Inheritance – Mitotic Squash of Garlic Root Tip
Mitosis is the process of cell division; it is the process by which a eukaryotic cell separates the chromosomes in its cell nucleus into two identical sets in two nuclei. It is generally followed immediately by cytokinesis, which divides the nuclei, cytoplasm, organelles and cell membrane into two cells containing roughly equal shares of these cellular components. Mitosis and cytokinesis together define the mitotic phase of the cell cycle—the division of the mother cell into two daughter cells, genetically identical to each other and to their parent cell. The process of mitosis is complex and highly regulated. The sequence of events is divided into phases, corresponding to the completion of one set of activities and the start of the next. These stages are interphase, prophase, metaphase, anaphase and telophase. During mitosis the pairs of chromosomes condense and attach to fibers that pull the sister chromatids to opposite sides of the cell. The cell then divides in cytokinesis, to produce two identical daughter cells. In plants, growth is greatest at the shoot and root tips. Here mitosis occurs in particular areas called the meristems (a meristem is a tissue in all plants that consists of meristematic cells. These are cells that have not yet a special function. They are found in zones of the plant where growth can take place).
The cell is engaged in metabolic activity and performing it’s preparation for mitosis. DNA has replicated, but has not formed the condensed structure of chromosome. They remain as loosely coiled chromatin. The nuclear membrane is still intact to protect the DNA molecules from undergoing mutation. During interphase DNA in the nucleus doubles and new organelles, such as mitchondria, are made.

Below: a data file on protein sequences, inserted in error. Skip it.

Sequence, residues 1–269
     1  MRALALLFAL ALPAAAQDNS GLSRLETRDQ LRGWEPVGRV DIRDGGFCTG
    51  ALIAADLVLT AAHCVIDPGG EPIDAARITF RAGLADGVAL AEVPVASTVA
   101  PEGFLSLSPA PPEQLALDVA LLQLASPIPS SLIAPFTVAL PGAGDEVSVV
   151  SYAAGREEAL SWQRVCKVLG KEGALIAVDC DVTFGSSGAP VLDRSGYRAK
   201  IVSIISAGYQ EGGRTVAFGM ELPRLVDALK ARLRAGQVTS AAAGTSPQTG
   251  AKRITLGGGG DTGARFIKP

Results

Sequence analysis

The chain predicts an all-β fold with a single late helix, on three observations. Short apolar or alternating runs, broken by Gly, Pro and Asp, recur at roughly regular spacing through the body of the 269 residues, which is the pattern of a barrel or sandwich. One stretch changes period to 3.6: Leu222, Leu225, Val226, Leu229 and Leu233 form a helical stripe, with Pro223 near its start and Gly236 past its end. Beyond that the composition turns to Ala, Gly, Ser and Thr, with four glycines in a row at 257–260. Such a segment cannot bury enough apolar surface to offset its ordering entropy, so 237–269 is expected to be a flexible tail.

The chromosomes become visible as long thin threads, they start to coil up and become thicker and shorter and a spindle forms independently. Towards the end of prophase each chromosome consists of two chromatids held together by a centromere. The nucleolus then disappears and the nuclear envelope breaks down. Plants, Animals: Chromosomes condense.
Animals: mitotic spindle forms between centrosomes on one side of the nucleus.
Plants: cortical microtubules grow together to form the spindle around the nuclear envelope.
Microtubules assemble forming a spindle. The chromosomes move towards the equator of the spindle. They then attach themselves to a spindle fibre by means of a centromere.
Plants, Animals: Chromosomes align at spindle equator.
Centromeres divide and the kinetochore component of the centromere pulls the chromatids along the microtubule towards the poles. This movement results from the contraction of the spindle fibres, as they shorten they pull the chromatids apart.
Plants, Animals: Chromosomes move towards cell poles.
Chromatids have now reached the poles and are now distinct chromosomes. The nuclear envelope reforms around each group of chromosomes and the nucleolus reappears. The chromosomes uncoil and the spindle dissolves. The cytosplasm then divides by cytokinesis, which will produce two genetically identical daughter cells. Plants, Animals: Nuclear envelopes reform and chromosomes begin to decondense, spindle breaks down. Phragmoplast forms in center of cell, where new cell wall will be formed. Animals: Contractile ring forms approximately midway between the two nuclei in the dividing cell.
Firstly, vesicles that contain carbohydrates (such as hemicelluloses and pectins,) produced by the Golgi body collect on the equator. They fuse together to form a cell plate. The cell plate eventually stretches across the cell forming the middle lamella. Cellulose builds up on either side of the middle lamella to form the walls of two new cells. These cells are...